1. Use mirroring. Voss’s advice is to repeat your counterpart’s last words in a “late night FM DJ voice,” asking a mirror question. This trick slows down the conversation so you have more time to think while your counterpart is revealing themselves. People love this hack because it’s simple and effective.
2. Show tactical empathy. Empathy can be expressed with phrases such as “it sounds like you’re afraid of” and “it looks like you’re concerned about.” By speaking your thoughts like this and demonstrating that you can empathize with the other party, you help keep them from worrying. According to Voss, “expressing—and not denying—accusations they may be harboring (no matter how ridiculous) keeps them from festering.”
3. Yield to “no.” Make your first and second questions ones that your counterpart will likely respond to with a “no.” Pushing people to say yes is a last-century technique that only strikes fear into your counterpart. By being able to say no, your counterpart doesn’t feel trapped and they assume they can control the situation. The following example of a conversation with a demotivated team member can help you understand this technique better:
4. Lead to “that’s right.” Once you’ve set up a framework for understanding the other party’s feelings, you can slip into the next trick by asking a question that elicits a “that’s right” reply. Voss calls this moment a “breakthrough in negotiation” because it’s when your counterpart begins to empathize with you. To trigger this response, you can sum up and reaffirm your counterpart’s feelings and state what they want. Take a look at example #3 once again with this in mind.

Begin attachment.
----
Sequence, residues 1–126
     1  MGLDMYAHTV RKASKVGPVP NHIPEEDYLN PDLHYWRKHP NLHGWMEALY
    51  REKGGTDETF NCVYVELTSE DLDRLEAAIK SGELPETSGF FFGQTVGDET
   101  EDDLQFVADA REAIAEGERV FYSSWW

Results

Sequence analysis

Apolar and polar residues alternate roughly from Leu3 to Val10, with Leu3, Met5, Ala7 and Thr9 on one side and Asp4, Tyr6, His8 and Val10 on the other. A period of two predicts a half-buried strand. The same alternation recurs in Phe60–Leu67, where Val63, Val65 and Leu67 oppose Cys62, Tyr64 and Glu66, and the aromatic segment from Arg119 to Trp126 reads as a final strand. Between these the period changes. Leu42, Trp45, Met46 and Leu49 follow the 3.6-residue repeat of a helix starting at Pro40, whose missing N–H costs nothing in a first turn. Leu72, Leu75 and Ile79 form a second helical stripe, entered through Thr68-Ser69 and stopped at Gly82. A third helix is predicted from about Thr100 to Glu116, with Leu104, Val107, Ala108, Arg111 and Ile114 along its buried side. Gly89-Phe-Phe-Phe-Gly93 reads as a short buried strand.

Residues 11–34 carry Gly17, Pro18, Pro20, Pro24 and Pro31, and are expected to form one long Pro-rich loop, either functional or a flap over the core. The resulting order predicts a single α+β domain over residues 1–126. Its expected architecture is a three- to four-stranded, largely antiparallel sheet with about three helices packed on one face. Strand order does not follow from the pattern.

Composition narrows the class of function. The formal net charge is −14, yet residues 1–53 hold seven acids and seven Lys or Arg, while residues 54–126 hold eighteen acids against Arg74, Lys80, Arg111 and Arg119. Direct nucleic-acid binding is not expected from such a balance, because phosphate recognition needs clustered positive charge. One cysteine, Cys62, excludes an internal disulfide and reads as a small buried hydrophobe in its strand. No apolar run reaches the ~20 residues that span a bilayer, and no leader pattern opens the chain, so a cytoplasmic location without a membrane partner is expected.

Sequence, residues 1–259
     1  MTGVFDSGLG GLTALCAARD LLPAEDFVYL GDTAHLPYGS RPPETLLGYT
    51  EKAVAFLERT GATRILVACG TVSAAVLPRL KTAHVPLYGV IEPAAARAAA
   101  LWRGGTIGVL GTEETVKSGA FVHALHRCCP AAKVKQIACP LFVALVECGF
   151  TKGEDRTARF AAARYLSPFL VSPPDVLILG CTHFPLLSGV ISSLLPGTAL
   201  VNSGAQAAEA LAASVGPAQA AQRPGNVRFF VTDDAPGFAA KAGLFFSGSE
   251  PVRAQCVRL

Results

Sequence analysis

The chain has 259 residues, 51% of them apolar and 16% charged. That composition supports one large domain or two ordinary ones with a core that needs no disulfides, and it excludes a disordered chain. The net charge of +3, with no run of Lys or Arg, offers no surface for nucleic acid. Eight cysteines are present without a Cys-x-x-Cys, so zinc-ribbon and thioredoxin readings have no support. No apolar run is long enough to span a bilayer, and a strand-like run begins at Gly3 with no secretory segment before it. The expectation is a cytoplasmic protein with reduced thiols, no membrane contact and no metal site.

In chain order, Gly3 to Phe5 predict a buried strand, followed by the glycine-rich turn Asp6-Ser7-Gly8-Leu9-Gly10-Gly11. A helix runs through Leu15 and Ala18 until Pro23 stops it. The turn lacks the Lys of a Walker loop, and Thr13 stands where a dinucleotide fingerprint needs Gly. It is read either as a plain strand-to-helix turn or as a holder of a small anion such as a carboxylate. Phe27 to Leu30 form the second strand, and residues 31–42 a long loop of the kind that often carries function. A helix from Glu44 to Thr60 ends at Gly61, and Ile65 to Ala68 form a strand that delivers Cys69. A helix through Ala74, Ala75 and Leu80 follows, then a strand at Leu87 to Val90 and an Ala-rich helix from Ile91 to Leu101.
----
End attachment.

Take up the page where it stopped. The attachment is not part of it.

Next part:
5. Give the illusion of control. Voss says that it’s useless to force your opponent to admit that you’re right. It’s always better if your counterparty has the illusion of control. You can achieve this by asking how and what questions to encourage them to use mental energy in forming their replies. Look at example #3 once again to see how the two steps mentioned above work in tandem.
Chris Voss’s techniques are designed to create a win-win feeling for both parties but to make sure that you’re the true winner in the long run.
How to Resolve Resource Allocation Conflicts
But there are more conflicts in project management, especially when managing a multi-project environment with a few project managers in the county. Given that these project managers have to share the work hours of one team, they’re bound to fight for resources and the company is bound to become an area of conflict.
To prevent quarrels, project managers and their teams need access to priorities at the organizational level. They should be able to answer what the most important task is on the work floor and mobilize their forces. You can use Epicflow software to get a prioritized view of tasks that come from Jira or MS Project. By sharing the analytical data from Epicflow’s pipeline and tasks list to your fellow project manager, you’ll be able to convince them to find the best possible way to allocate resources. This might involve considering another person for a task, for instance. Over time, Epicflow can help dissolve conflicts.